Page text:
At just two-and-a-half hours old, a teensy fruit-fly embryo is bustling with activity, and now researchers have captured this development in a 3D video showing a young embryo grow into a 20-hour-old larva.
"This video shows a fruit fly embryo from when it was about two-and-a-half hours old until it walked away from the microscope as a larva, 20 hours later," Lars Hufnagel, from the European Molecular Biology Laboratory (EMBL) in Heidelberg, Germany, said in a statement. "It shows all the hallmarks of fruit-fly embryonic development in three dimensions."
The video reveals what looks like a bloblike organism covered with tiny projections, which are actually various cells and cell parts, moving across its body. For instance, the cells on the embryo's belly dive inward to form the so-called ventral furrow, or an indentation that results in the formation of a tube inside the embryo marking the start of the gastrulation stage of development; other cells move around the embryo's rear end to its back in a process called convergent extension. Later in the video, an opening appears on the embryo's back before surrounding cells close this gap (a process called dorsal closure). [Science Meets Art in Stunning Images]
The new microscope, called Multi-View SPIM (MuVi-SPIM) shines a thin sheet of light on the embryo, illuminating one layer of the embryo at a time to prevent light damage. It takes four full images from different angles, which means scientists don't have to rotate the sample. The images are then merged to create a three-dimensional look at the sample, in this case a fruit-fly embryo. This whole process takes just seconds, so the microscope can repeat the process quickly.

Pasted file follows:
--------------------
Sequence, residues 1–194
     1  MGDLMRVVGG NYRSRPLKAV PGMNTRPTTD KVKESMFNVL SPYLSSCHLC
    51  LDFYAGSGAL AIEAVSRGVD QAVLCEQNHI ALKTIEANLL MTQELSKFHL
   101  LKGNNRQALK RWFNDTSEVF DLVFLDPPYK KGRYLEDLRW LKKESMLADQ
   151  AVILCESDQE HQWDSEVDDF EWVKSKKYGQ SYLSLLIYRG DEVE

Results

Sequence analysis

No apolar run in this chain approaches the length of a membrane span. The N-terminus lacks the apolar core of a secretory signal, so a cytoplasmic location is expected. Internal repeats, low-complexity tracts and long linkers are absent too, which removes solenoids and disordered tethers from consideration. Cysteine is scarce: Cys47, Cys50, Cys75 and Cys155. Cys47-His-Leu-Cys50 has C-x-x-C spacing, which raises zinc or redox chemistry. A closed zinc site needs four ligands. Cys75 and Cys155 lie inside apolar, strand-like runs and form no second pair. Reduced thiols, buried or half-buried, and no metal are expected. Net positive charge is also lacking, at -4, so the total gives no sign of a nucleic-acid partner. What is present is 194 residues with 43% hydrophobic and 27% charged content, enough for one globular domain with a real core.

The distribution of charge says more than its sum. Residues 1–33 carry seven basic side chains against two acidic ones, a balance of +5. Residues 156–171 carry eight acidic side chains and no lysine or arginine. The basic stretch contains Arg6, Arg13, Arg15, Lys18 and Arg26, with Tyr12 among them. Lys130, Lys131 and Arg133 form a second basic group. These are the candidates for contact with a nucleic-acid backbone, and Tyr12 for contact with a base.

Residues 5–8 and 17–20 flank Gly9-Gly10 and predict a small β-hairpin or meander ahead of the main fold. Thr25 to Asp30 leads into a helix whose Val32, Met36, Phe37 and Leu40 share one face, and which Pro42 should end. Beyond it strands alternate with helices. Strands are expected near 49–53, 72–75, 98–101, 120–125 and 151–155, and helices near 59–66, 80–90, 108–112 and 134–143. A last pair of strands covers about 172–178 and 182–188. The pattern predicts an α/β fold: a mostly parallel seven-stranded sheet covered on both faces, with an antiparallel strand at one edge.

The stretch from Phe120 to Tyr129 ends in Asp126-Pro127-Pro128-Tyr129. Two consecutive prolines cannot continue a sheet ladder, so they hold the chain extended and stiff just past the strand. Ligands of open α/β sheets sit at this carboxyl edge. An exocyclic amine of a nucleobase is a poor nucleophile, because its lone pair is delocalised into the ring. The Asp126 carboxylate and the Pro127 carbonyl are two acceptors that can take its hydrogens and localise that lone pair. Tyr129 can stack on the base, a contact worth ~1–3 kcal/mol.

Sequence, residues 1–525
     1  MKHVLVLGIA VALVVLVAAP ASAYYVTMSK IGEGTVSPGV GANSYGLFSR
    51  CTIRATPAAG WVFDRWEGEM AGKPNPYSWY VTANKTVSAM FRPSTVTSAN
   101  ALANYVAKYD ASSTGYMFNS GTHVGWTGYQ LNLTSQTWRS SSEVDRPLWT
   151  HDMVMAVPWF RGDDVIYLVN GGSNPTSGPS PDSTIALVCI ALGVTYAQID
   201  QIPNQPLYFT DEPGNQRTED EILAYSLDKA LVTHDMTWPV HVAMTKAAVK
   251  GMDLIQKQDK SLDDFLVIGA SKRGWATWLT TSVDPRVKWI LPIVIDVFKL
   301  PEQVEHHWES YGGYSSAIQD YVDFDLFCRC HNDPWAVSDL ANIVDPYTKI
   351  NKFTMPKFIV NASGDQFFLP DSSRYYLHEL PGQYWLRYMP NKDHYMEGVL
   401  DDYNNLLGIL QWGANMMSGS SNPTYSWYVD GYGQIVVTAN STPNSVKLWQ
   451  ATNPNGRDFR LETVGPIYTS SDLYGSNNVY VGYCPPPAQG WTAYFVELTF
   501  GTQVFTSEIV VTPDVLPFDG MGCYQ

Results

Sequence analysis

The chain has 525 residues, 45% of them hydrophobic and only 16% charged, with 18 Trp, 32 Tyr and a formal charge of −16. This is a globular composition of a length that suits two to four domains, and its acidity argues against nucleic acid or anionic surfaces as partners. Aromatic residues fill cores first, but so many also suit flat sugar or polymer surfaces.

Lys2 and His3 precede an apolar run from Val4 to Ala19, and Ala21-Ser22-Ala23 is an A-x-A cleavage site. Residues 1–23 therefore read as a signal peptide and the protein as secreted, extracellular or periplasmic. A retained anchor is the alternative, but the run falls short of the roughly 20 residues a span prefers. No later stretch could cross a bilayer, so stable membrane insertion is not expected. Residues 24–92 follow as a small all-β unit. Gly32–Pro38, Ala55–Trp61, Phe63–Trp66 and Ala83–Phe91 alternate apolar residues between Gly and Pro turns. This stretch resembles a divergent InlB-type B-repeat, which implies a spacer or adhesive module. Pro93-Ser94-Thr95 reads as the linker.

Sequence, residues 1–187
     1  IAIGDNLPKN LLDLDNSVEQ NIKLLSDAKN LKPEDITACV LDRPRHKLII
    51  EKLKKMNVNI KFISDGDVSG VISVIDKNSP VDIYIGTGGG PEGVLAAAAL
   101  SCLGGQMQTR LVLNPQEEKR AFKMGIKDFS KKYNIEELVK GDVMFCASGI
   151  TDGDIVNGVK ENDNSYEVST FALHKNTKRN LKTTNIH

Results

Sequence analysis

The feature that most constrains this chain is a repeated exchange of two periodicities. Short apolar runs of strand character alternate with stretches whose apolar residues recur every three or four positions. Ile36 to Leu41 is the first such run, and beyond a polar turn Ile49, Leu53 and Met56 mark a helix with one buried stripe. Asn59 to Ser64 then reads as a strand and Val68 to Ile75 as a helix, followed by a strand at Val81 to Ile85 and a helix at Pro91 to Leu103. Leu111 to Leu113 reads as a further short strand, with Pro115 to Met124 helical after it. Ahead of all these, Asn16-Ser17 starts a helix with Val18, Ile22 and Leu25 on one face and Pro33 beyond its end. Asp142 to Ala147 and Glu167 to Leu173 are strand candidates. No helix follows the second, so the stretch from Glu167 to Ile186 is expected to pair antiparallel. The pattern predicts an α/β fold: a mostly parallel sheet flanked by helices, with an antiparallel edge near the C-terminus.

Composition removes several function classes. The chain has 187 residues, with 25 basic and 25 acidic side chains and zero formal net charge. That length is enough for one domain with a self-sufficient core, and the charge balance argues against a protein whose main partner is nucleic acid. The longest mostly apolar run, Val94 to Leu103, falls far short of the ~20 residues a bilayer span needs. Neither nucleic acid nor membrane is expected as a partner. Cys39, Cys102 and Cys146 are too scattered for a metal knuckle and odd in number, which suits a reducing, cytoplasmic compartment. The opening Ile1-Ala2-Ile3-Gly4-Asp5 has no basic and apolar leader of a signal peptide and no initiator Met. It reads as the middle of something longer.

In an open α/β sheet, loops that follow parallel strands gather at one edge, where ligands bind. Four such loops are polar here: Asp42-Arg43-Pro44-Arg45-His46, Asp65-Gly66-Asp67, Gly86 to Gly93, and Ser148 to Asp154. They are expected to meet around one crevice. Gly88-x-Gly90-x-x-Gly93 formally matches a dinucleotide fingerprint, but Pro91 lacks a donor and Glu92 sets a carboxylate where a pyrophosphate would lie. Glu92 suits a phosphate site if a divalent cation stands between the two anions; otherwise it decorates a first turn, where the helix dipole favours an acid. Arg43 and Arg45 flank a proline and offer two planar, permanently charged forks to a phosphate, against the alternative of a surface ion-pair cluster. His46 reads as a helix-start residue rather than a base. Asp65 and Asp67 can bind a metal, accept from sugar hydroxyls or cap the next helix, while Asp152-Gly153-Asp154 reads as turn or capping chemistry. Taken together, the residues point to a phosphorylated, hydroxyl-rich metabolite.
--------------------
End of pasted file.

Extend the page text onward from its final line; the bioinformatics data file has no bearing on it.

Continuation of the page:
As such, the different images that make up the video are taken in such rapid succession that very little has changed in the embryo from one frame to the next; in that way, scientists can be sure of the location of each cell, or even structures inside cells, and track it throughout the video.
In this new study, detailed this week in the journal Nature Methods, Hufnagel and colleagues recorded the movements of every cell nucleus in the embryo not only during the later developmental stages, but also throughout the first three hours of the embryo's life, when nuclei divide very rapidly.
In the future, the scientists hope to use their new microscope to investigate how organs and tissues form in the fruit fly and other organisms.